“We both have very creative parents and we’ve both been exposed to different lifestyles and textures,” shares Domond. “I think that’s why we hit it off so quickly. When we decided to move forward to do this building I had all these crazy ideas and he was crazy enough to just be open to it.”

photography by Aaron Bengochea

While her penchant for textiles and prints stems largely from her background in fashion (Domond used to run import production for companies like Target and Betsey Johnson), her fascination for color harkens back to her bold upbringing.

photography by Aaron Bengochea

“My parents are from Haiti and everything was always so bright and colorful. In my grandmother’s house, every room had a different color. It could be a little crazy at times but, nevertheless, there was a beauty in making each space its own. I’ve tried to embrace that aesthetic,” she shares.

photography by Aaron Bengochea

Along with the round walnut kitchen table (a quirky steal Lessin found on Craigslist), the imported Moroccan tiles are one of the couple’s favorite additions. Even if you took out all their furniture and decorative belongings, it’d be difficult to not feel instantly transported.

“They bring such a beautiful feeling to the space. They’re all handmade and you just feel the texture of them. You don’t feel like you’re in New York or in the U.S. at all. You feel like you’re in another world,” says Lessin.

photography by Aaron Bengochea | Senegalese Handwoven Hamper
photography by Aaron Bengochea | Faena Handwoven Circular Tote

Between the exposed joists and 10 foot high ceilings, the master bedroom feels more like a tropical treehouse than a stuffy place to snooze at night. Filled with art and treasures sourced from flea markets near and far, to say that their textured slice of paradise is personal would be an understatement. As a dedicated thrifter and self-professed collector of objects and artifacts, hunting for hidden gems comes second nature to Domond.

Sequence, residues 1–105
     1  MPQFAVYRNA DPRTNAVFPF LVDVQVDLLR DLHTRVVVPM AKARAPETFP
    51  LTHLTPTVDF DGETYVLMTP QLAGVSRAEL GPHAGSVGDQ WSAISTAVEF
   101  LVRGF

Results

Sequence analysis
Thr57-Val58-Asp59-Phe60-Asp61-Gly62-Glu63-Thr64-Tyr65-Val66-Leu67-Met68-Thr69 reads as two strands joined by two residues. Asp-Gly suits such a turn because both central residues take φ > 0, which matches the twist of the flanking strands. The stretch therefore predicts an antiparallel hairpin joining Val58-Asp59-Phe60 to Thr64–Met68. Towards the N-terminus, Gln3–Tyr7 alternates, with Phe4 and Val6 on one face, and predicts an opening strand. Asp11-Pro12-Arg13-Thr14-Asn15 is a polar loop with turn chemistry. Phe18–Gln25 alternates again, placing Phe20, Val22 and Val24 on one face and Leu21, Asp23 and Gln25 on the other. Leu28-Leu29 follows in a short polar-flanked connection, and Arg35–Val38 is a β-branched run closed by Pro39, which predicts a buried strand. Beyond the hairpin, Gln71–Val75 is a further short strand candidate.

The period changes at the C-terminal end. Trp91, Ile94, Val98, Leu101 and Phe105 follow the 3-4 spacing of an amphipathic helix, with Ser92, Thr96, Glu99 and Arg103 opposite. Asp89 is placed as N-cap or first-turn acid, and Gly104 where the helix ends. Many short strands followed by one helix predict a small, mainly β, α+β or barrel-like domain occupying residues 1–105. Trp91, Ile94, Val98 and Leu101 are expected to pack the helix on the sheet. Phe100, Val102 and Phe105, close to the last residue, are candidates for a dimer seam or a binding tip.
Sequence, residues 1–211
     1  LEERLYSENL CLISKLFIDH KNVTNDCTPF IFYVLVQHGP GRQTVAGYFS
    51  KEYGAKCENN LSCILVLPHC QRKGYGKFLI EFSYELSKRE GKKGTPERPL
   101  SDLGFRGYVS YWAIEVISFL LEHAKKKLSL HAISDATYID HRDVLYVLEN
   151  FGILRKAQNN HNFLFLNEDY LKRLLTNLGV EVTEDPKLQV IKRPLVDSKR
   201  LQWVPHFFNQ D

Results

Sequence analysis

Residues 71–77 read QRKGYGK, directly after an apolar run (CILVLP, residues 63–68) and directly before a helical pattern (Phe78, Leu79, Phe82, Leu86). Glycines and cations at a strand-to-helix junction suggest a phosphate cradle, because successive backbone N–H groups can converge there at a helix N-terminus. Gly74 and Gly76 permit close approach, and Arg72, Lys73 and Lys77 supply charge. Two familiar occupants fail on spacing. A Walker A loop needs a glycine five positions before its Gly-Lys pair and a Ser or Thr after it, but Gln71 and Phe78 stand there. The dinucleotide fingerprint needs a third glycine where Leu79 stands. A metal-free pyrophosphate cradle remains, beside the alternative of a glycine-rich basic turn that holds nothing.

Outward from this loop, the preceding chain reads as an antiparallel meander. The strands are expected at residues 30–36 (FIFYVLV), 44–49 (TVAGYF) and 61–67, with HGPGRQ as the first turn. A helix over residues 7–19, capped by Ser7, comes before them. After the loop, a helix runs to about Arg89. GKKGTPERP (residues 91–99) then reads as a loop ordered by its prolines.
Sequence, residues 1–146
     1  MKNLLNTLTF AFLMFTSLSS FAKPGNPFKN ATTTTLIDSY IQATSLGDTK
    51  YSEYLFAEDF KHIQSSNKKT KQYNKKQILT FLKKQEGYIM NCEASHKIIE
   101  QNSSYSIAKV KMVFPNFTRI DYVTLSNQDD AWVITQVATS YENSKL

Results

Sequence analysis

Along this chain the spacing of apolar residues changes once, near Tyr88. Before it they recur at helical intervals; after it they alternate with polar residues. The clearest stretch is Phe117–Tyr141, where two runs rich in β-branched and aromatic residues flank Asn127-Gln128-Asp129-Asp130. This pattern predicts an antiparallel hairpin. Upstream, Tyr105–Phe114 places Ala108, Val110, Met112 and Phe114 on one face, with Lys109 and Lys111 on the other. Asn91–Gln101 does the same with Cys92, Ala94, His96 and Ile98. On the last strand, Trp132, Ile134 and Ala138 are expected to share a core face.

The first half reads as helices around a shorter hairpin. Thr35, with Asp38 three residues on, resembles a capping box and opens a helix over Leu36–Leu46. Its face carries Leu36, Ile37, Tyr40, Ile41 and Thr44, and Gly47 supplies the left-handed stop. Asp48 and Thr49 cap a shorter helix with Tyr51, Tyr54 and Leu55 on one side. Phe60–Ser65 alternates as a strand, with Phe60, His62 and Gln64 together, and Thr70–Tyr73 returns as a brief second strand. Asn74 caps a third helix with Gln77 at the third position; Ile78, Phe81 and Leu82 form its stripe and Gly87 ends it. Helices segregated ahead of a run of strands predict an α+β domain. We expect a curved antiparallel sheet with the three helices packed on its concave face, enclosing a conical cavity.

photography by Aaron Bengochea

“For me, I get more pleasure when I’m out in the field and there’s just an abundance of stuff and something is just calling out to you,” she says of her shopping strategy. “The first thing I see is texture, and then I see color. It could be a vintage dress or some detail that makes it just amazing—like really beautiful old wooden buttons that you wouldn’t see anywhere else.”

photography by Aaron Bengochea | Lio and Linn Wall Hanging, Rebecca Reeve photograph, Irnce Visage Handwoven Pillow, Jess Feury PillowFrosta StoolSilk Dupioni Pillow

Aesthetic aside, as a seasoned New Yorker, Domond knows that practicality always comes first.

“New York is a place where you really have to think out what you have in your house. We all live in small spaces, so it has be practical,” she says. “If I’m buying pillows the first thing I ask is, ‘Does it have a zipper?’ No one wants to buy a pillow that you can’t wash—those are the kinds of mistakes I made when I was an amateur.”

Still, it’s the unexpected moments—the things you know only come around once in a lifetime—that give a home its flavor; it’s je ne sais quoi. For Domond, that piece is a photograph her close friend, Adriano Fagundes, took on a trip to the Brazilian Amazon.

“He was on his way to a village where there was an indigenous tribe and he saw this boy on a vibe about to jump into a large lake. Without even looking into his camera or having any focus on him, he took the shot quickly and didn’t know what to expect. The shot is of this boy just about to reach the water facing Adriano with the biggest smile on his face. That story and the way he tells it just brings me so much joy.”

photography by Aaron Bengochea

While Domond and Lessin have come along way from barbecuing on their fire escape (yes, they did that) and dedicating 16 straight hours to one cement wall, those memories and that same creative ambition continue to inform their next projects.

“The main thing that we’re focused on right now is moving People of 2Morrow to a private label,” says Lessin. “So we’ve been trying to select a curation of things that we would produce under a private label and how we would present that and continue with the different concepts of what People of 2Morrow represents.”